• Before the 2022 amendment, schedules were based on the level of endangerment of species. The recent rationalization may have altered the criteria for categorizing species.
      • Experts question whether the exclusion of certain species in Schedule II aligns with the rationalization process and whether those species have indeed increased in numbers, justifying a lower level of protection.

Status of Wildlife Trade

  • India is a bio-diverse country, with nearly 6.5% of the world's known wildlife species. Approximately, 7.6% of the world's mammals and 12.6% of the world's birds are found in India.
    • The illicit demand, globally, for wildlife and its products has seen the rise of wildlife crime across the subcontinent.
  • In India, wildlife trade includes diverse products including mongoose hair; snake skins; Rhino horn; Tiger and Leopard claws, bones, skins, whiskers; Elephant tusks; deer antlers; turtle shells; medicinal plants; timber and caged birds such as parakeets, mynas, munias etc.
    • A large part of this trade is meant for the international market and has no direct demand in India.
  • India is one of the top 20 countries for wildlife trafficking and one of the top 10 for wildlife trafficking by air.
  • The World Wildlife Report 2020 by United Nations Office on Drugs and Crime found that between 1999 and 2018, 6,000 different species of flora and fauna were seized globally.

What is the Wildlife (Protection) Act, 1972?

  • About:
    • The Wild Life (Protection) Act, of 1972 provides a legal framework for the protection of various species of wild animals and plants, management of their habitats, regulation, and control of trade in wild animals, plants, and products made from them.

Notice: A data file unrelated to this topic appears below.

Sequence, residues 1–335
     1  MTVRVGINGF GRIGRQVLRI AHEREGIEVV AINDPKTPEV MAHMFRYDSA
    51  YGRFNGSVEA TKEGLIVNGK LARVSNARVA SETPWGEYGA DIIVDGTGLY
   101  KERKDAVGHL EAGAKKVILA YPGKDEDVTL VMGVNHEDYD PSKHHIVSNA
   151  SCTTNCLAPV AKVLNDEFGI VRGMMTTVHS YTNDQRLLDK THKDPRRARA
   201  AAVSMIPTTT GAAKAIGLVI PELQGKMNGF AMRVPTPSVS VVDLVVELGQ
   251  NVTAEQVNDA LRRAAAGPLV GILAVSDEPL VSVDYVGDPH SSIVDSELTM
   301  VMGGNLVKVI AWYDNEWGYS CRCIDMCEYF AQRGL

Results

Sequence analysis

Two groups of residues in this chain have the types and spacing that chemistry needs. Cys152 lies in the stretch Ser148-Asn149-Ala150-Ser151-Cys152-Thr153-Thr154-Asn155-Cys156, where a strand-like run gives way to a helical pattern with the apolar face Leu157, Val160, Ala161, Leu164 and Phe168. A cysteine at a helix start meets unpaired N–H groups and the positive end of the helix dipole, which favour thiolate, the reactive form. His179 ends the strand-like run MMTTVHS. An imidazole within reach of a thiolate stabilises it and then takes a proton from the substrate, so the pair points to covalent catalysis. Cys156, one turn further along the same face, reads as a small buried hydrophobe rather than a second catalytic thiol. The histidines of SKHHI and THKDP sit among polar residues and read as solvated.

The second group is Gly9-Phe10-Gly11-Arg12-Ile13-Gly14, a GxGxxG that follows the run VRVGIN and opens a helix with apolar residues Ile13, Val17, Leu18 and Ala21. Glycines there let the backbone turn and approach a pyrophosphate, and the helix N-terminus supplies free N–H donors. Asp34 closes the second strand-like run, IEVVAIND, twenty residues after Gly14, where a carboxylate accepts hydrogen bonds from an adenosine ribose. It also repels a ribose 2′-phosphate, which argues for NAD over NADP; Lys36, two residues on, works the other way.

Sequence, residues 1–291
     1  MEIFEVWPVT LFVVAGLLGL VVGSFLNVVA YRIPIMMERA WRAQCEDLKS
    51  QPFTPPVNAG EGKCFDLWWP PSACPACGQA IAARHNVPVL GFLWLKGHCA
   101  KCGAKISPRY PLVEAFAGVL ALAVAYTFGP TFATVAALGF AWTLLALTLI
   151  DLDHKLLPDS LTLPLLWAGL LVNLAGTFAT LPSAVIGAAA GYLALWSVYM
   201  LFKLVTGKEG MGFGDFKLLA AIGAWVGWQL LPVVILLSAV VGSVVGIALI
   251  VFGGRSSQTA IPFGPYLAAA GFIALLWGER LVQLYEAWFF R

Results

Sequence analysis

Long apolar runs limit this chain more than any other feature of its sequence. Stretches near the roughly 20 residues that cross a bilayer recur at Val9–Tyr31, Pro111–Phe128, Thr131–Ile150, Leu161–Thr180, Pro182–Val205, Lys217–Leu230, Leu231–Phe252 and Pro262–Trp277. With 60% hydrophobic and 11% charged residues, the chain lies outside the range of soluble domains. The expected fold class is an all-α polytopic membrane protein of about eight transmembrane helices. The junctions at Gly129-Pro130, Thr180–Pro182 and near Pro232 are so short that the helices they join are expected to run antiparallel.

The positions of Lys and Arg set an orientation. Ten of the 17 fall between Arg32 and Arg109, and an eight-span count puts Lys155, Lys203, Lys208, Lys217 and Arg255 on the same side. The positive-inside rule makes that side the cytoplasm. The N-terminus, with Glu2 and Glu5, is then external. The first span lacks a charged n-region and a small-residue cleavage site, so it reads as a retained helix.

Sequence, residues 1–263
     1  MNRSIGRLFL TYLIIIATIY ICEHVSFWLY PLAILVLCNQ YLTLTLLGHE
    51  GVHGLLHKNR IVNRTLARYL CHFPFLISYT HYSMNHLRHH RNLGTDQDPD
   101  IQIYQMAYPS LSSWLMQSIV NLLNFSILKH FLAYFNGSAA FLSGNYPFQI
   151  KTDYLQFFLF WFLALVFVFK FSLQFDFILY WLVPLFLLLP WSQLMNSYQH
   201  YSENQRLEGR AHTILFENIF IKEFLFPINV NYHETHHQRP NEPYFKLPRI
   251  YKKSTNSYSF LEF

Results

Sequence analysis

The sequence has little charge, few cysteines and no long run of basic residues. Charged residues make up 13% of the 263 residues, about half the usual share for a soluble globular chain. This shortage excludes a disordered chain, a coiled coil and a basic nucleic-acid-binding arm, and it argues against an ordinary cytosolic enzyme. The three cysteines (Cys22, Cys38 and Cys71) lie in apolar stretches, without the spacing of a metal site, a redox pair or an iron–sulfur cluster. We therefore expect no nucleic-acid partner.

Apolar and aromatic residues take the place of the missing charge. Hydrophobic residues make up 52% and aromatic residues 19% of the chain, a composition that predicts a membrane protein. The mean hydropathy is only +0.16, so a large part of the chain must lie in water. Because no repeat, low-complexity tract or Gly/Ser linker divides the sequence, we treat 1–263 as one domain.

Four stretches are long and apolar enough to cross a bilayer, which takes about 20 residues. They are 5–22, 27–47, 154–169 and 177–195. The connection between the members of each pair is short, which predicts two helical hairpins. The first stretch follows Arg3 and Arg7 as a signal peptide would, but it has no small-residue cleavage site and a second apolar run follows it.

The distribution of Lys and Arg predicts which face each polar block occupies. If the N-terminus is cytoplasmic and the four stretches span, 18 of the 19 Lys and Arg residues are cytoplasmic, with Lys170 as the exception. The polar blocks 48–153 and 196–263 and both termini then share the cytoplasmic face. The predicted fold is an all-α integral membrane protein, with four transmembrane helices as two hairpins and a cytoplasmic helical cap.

• The act also lists schedules of plants and animals that are afforded varying degrees of protection and monitoring by the government.
    • After the enactment of Jammu & Kashmir Reorganization Act, 2019 Wildlife Protection Act, 1972 became applicable to the Union Territory of Jammu & Kashmir and Ladakh.
  • Latest Amendment:

Way Forward

  • Establishing a robust and transparent mechanism for the consultation and approval process for Schedule I species, and ensuring the participation and representation of the relevant stakeholders.
  • Providing a clear and rational explanation for the exclusion of Schedule II species from the consultation and approval process, and the criteria for selecting the species.
  • Strengthening the enforcement and compliance of the wildlife trade laws and regulations, and enhancing the penalties and incentives for the violators and the abiders.

UPSC Civil Services Examination, Previous Year Questions (PYQs)


Q. If a particular plant species is placed under Schedule VI of the Wildlife Protection Act, 1972, what is the implication? (2020)

(a) A licence is required to cultivate that plant.
(b) Such a plant cannot be cultivated under any circumstances.
(c) It is a Genetically Modified crop plant.
(d) Such a plant is invasive and harmful to the ecosystem.

Ans: (a)


Q. How does biodiversity vary in India? How is the Biological Diversity Act, 2002 helpful in the conservation of flora and fauna? (2018)